I love a good framework. I’ve used a few in my time, and one I am finding very useful at the moment is the (Design, Play, Experience) DPE model for designing games for learning. This grew out of an earlier model – MDA (Mechanics, Dynamics, Aesthetics), which describe the game in terms of the relationship between designer and player, and the game characteristics and behaviours which emerge from that relationship. The designer designs the mechanics and rules of the game (Mechanics). When playing, the player acts upon those, their inputs influenced by, for example, their own past experiences. From this interaction emerges the behaviours (Dynamics) of the game.
The Aesthetics component is what is interesting me most at the moment. This does not relate to the visual appearance of a game, as you might expect at first glance, but to the emotional response of the player to the Dynamics of the game. ‘Aesthetics’ was changed to ‘Affect’ in the DPE model precisely to avoid this confusion.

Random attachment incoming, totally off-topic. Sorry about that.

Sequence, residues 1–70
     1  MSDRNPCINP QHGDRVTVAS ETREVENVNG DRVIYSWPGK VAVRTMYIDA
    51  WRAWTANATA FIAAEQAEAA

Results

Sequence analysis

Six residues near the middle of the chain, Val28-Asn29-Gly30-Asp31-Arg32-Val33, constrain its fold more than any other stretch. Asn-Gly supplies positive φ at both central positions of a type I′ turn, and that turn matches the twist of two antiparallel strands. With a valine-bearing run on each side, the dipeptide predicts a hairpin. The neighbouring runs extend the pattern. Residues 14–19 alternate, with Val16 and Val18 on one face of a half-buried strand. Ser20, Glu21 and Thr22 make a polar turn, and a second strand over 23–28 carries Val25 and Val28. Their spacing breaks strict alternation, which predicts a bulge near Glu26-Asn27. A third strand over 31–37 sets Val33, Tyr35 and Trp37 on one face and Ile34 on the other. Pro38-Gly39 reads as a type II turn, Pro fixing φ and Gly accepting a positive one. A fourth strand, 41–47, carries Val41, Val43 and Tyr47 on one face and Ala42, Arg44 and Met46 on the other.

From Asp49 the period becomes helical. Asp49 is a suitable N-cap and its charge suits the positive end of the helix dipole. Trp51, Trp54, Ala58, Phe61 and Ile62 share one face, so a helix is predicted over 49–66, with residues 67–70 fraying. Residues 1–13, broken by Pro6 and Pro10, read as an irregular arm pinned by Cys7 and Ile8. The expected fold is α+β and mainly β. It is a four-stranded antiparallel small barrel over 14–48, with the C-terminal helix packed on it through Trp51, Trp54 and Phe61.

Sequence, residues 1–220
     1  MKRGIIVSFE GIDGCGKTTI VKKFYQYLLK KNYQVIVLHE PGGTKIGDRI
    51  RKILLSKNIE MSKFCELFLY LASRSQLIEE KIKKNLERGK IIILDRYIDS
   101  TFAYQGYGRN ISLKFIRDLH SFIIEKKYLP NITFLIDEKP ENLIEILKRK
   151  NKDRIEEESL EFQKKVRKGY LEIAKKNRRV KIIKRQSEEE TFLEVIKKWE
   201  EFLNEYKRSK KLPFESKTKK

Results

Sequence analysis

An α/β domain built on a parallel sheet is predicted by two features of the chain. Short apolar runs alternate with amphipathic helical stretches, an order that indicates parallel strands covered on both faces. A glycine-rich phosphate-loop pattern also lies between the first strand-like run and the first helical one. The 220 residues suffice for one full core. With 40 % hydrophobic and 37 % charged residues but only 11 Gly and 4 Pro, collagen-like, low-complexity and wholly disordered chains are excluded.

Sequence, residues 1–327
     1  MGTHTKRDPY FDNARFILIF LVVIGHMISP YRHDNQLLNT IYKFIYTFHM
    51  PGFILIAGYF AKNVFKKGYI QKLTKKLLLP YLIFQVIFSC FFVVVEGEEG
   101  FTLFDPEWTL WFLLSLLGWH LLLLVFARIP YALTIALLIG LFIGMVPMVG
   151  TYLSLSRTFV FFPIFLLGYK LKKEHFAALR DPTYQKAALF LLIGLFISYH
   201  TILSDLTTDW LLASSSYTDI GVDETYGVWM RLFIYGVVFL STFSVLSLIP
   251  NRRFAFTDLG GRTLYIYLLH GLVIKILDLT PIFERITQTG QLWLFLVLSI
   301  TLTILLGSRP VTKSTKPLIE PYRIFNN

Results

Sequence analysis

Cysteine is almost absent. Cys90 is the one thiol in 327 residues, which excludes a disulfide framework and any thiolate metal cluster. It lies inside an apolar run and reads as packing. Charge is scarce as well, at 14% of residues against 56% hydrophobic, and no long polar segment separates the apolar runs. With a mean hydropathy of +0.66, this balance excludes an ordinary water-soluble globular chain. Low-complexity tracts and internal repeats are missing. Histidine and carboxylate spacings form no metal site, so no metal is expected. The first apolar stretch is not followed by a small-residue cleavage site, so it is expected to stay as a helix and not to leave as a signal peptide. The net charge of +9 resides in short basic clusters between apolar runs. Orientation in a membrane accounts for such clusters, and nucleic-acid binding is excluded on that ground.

As a designer it is important to recognise that I have no control over, and cannot directly design this aspect of the game. In fact, the only component the designer has any control over in this model is the Mechanics. This was one of the most valuable lessons I learned when I first started using this model. Games design is an absorbing process; an iterative process of problem solving and creating complex systems (anyone who has ever had to create an in-game economy will be nodding sagely now). It is easy to become totally engrossed in this ‘hard fun’ (if you are drawn to games design, you will probably find this fun) process and lose sight of your silent partner – the player.
Sometimes, you might find it impossible to see the experience from the player’s point of view, and that’s a risk. The solution to this – fail quickly. Get some players and test. Test as often as you can. If you can, join or start a games design group. The insights you will gain into the Aesthetics which emerge from your Mechanics will be well worth the effort.
Image from Gideon on Flickr